GWN eWeekly: The eNewsletter of Giftware News Magazine
February 6, 2014
NY Now Is For Trend-Spotters
This week, NY Now is proving itself to be a gift show that keeps on giving. Hardy buyers who braved an 8-inch snow storm and Super Bowl crowds are finding trendy treasure for their stores.
There’s still time to shop thousands of new lines today, the final day. The Home and Lifestyle collections will remain open at the Javits Convention Center through 2 p.m.
During two excellent seminars, industry experts identified key consumer trends in color and styles for the home. Here’s a quick recap, with photos from the show floor to help you see the hues, patterns and influences highlighted as emerging for 2014 and beyond.
- Tom Mirabile, contributing editor for Pantone View and senior vice president, Global Trend & Design for Lifetime Brands.
- Tori Mellott, senior design and market editor at Traditional Home.
- Sabina Jahic of Sherwin-Williams.
- Colors with softer, warmer and calming spirit are emerging including cream, latte colors (also called cosmetic colors), warmer grays, rose pink and other aged-looking pastels, orchid and indigo blues. Metallics are also dynamic and feature gilded items, bronze, rust and copper colors. Patterns are positive/negative: Think lace with a strong light-and-dark contrast.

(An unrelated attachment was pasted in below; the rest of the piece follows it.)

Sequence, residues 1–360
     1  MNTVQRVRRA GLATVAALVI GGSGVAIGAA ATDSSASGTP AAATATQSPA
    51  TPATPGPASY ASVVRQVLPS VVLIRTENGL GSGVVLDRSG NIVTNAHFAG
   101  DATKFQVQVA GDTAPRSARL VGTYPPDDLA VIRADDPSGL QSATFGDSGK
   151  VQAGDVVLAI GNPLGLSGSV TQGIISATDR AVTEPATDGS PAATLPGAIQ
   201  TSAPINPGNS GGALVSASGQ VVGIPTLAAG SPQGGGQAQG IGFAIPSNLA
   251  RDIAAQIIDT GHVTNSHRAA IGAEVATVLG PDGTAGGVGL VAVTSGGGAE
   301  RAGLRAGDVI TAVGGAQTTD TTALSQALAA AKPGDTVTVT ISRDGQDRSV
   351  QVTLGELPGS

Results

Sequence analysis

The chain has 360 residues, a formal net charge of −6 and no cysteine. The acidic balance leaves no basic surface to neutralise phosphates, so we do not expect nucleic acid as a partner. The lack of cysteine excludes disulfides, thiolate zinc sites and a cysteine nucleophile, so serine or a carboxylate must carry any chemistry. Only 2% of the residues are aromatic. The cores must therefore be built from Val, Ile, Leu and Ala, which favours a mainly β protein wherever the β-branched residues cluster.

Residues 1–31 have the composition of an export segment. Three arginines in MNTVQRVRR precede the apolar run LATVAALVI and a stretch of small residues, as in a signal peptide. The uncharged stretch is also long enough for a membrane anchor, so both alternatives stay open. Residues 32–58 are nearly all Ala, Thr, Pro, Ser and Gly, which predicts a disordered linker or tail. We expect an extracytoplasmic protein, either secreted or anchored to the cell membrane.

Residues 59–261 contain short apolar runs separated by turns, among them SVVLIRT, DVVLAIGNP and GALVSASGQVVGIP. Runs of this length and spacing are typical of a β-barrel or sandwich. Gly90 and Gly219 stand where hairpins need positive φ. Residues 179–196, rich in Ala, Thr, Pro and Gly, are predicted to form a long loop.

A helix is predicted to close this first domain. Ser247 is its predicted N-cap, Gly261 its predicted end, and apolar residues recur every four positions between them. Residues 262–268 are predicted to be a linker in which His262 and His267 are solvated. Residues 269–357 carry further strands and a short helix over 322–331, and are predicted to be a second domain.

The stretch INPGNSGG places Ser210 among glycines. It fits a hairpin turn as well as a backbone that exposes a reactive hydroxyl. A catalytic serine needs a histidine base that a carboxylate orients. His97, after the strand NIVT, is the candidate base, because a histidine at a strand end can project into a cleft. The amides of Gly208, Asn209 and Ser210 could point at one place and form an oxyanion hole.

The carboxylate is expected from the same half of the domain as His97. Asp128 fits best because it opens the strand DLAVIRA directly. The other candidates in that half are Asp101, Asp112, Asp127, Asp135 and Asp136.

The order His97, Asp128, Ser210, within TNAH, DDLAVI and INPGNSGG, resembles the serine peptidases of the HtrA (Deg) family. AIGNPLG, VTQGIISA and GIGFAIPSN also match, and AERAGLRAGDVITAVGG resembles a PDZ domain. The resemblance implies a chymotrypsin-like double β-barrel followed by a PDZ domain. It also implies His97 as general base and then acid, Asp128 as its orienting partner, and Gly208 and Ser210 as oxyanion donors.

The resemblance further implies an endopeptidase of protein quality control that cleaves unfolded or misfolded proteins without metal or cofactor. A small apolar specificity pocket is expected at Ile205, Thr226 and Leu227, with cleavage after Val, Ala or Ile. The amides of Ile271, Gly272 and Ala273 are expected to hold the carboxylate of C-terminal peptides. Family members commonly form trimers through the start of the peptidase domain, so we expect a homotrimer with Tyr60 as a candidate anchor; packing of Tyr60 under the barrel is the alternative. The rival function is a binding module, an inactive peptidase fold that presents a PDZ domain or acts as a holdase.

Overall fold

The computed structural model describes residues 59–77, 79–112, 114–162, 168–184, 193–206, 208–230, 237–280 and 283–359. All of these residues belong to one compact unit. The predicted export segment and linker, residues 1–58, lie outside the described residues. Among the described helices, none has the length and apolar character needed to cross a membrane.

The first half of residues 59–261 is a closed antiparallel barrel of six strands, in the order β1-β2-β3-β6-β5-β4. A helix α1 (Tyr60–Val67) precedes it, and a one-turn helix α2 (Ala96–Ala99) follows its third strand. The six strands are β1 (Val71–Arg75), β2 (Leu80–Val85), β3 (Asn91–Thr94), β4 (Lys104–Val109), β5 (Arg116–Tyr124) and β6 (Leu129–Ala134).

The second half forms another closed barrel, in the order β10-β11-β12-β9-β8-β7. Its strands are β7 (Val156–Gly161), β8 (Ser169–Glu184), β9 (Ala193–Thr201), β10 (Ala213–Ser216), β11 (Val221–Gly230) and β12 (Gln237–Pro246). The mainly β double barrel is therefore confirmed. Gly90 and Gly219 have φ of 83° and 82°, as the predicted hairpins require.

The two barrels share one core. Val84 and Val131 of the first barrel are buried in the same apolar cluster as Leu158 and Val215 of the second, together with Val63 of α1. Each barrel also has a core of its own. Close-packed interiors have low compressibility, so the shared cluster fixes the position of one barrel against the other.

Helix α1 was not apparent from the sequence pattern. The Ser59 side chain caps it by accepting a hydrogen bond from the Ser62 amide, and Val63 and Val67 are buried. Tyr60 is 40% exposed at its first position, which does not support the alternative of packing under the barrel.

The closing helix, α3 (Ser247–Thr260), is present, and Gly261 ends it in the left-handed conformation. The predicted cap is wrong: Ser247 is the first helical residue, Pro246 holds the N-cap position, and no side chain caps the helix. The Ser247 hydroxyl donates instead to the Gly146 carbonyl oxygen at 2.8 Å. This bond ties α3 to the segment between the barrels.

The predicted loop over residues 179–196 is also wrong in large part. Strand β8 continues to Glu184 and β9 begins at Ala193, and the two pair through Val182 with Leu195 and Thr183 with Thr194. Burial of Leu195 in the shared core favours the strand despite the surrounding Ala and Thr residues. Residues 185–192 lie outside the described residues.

- “The language of luxury is mixed materials,” Mirabile says. For example, mercury glass with wood.
- Wings, angels, diaphanous fabrics, shadows and clouds for the home, where we seek peace.
- “Divine Womanhood”: images of women whose beauty evokes both strength and femininity.
- Restoration: objects that look like they’ve been “collected over the course of years,” aged, distressed surfaces.
- Neoclassical influence: busts, Corinthian columns, Greek key patterns.
- Marriage of science and art in objects: molecules, vintage medicine, and curiosities that push boundaries of quirkiness.
- Geology has also become influential: geodes, agates and fossils.
- In men’s gifts, references to Industrial Revolution are big, specifically everyday objects (footed tubs, old fans, household tools) rather than factory equipment.
- Heritage is revered. Look for objects that let families showcase a special heirloom or keepsake. The glass-topped, cloche display container is back.
- Witness the comeback of pop culture inspired by the art of Lichtenstein and Warhol. These dot and pixilated graphics/comic books are big. For the young, it’s fresh. Saw it first-time around? Now it’s nostalgic.
- Spectrum color-blocking in accessories and furnishings: It was inspired by the protected designs of the artist Mondrian, and reinvented in new tones. Rainbows also are hot.
- Large-scale graphics with statement-making power make a room feel modern.
- “Keepsake Garden”: Victorian florals, cabbage roses.
- Pale, weathered wood. Accessories made of wire, including bird cages (with and without birds).
- The “Downton Abbey” look moves into the Jazz Age.
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